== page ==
By Asif Shahzad

ISLAMABAD (Reuters) – Pakistan opened much delayed talks with the International Monetary Fund (IMF) on Wednesday to resume a seventh review of the $6 billion rescue package agreed in 2019.

“Talks with the IMF mission started today,” a statement from the finance ministry said. It said a team led by Finance Minister Miftah Ismail and the central bank’s acting governor will join the talks virtually.

A finance division team has already left for consultations with the IMF in Doha, the ministry said. The talks will continue until May 25 before the IMF takes a decision.

The South Asian nation is in dire need of external funds, with foreign reserves falling to as low as $10.3 billion and a widening current account deficit.

Pakistan has already requested the lender to increase the size and duration of its $6 billion programme.

Ismail made the request in his visit to Washington last month, which was followed by a statement from the IMF, which said Islamabad had agreed to roll back unfunded subsidies to the oil and power sectors.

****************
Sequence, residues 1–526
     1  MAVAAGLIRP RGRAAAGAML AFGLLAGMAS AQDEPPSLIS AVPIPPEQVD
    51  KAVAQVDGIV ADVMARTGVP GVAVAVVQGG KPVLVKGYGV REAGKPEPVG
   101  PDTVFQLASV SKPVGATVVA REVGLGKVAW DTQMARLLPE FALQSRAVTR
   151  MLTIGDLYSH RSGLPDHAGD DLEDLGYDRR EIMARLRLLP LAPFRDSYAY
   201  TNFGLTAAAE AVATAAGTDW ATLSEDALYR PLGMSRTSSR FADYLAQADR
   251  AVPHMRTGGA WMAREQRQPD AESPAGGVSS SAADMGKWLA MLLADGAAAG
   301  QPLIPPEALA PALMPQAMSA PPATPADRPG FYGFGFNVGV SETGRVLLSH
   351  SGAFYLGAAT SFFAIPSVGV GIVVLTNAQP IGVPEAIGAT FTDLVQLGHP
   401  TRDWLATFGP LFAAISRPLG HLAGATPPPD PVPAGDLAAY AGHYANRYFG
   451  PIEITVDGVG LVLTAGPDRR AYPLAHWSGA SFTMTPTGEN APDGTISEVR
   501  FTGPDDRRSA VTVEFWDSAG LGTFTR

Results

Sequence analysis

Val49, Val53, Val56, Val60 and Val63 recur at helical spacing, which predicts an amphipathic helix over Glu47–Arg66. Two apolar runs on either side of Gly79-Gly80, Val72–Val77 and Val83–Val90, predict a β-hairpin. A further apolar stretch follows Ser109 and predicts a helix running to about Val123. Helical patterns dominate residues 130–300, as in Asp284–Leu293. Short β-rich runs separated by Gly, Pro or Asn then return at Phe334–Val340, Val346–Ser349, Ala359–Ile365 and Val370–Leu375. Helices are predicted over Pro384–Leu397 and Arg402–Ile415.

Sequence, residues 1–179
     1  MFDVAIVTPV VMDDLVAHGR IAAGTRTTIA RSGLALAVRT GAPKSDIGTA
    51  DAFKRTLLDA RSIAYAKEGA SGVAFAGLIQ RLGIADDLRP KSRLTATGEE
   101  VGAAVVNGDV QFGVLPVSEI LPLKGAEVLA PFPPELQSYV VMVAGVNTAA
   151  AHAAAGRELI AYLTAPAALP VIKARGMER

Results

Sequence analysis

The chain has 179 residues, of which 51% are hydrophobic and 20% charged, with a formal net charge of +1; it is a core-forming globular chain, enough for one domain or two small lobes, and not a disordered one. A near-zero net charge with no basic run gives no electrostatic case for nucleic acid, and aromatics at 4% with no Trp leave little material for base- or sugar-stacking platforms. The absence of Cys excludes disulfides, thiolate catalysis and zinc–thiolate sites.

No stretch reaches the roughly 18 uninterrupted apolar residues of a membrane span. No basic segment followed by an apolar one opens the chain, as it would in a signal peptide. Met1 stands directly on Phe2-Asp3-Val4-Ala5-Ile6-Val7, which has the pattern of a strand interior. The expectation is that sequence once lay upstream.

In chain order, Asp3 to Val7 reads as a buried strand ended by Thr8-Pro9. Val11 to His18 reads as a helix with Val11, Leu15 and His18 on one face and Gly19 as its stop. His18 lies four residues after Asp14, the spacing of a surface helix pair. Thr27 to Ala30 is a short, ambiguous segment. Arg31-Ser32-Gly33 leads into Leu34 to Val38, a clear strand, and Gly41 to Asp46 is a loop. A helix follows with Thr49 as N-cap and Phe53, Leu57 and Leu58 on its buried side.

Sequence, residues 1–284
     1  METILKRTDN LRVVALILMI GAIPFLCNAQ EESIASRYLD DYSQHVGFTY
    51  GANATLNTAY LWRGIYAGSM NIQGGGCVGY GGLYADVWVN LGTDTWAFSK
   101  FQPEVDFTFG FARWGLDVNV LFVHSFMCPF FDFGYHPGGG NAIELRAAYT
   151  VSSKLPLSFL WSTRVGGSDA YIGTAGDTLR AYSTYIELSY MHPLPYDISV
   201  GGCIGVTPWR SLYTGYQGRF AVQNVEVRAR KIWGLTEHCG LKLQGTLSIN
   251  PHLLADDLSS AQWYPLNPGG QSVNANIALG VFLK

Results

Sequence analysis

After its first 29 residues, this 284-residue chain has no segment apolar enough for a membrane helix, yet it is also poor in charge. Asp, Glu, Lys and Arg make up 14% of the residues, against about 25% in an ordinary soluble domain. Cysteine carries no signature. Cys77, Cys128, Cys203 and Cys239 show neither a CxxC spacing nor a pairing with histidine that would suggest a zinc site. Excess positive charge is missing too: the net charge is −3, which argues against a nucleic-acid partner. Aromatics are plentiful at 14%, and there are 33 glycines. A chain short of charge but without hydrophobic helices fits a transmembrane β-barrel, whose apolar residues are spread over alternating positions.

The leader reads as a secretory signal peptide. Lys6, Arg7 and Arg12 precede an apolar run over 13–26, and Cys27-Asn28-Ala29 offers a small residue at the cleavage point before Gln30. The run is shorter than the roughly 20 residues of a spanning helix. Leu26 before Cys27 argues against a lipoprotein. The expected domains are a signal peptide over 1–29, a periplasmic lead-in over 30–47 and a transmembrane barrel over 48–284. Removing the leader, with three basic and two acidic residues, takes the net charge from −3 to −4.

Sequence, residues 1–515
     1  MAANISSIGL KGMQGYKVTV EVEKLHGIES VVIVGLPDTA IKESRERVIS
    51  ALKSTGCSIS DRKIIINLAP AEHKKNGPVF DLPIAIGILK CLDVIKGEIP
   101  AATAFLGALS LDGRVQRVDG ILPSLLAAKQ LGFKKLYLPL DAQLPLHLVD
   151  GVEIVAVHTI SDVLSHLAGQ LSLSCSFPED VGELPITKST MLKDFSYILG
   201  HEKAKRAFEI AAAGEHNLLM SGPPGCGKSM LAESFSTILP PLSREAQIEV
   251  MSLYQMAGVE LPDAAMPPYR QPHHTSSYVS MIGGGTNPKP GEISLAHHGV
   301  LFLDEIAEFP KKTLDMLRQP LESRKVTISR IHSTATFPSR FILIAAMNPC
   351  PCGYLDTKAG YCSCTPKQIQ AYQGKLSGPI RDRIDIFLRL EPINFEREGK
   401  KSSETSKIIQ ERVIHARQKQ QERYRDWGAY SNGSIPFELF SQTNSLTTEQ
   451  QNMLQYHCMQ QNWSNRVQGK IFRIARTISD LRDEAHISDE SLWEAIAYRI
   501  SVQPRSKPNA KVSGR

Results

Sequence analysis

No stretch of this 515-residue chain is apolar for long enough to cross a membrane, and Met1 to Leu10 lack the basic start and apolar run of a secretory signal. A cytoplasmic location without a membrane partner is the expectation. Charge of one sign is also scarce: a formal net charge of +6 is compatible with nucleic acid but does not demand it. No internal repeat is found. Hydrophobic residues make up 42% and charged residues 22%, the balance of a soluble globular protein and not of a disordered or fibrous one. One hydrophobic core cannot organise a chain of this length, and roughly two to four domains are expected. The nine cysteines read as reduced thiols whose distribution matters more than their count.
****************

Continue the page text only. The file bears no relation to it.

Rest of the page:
From March to June, Pakistan is expected to give out around $2 billion of the subsidies, which haven’t been withdrawn so far despite its agreement with the IMF.

The new government that took over last month from ousted Prime Minister Imran Khan fears a public backlash if it withdraws the subsidies. It has said it was facing an enormous economic challenge.

About half of the $6 billion in assistance has been distributed to Pakistan so far, but more recent payments were delayed several times due to the IMF’s concerns over monetary policy measures.

If the current review is cleared, Pakistan will get more than $900 million, which will also unlock other external finances.

(Reporting by Asif Shahzad; Editing by Kim Coghill)